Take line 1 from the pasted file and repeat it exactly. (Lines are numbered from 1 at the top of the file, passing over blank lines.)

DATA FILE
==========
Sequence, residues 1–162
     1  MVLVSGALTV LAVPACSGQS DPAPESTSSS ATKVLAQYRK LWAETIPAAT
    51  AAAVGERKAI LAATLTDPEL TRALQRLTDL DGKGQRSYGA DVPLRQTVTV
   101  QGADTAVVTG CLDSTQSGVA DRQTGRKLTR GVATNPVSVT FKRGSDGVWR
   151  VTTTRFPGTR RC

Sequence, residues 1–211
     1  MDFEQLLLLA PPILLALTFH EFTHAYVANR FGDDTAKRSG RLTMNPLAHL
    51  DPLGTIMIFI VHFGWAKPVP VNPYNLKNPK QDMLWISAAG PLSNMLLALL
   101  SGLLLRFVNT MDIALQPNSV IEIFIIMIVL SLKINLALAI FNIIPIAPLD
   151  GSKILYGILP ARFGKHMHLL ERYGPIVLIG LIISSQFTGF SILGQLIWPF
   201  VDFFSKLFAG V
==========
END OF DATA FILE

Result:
Sequence, residues 1–162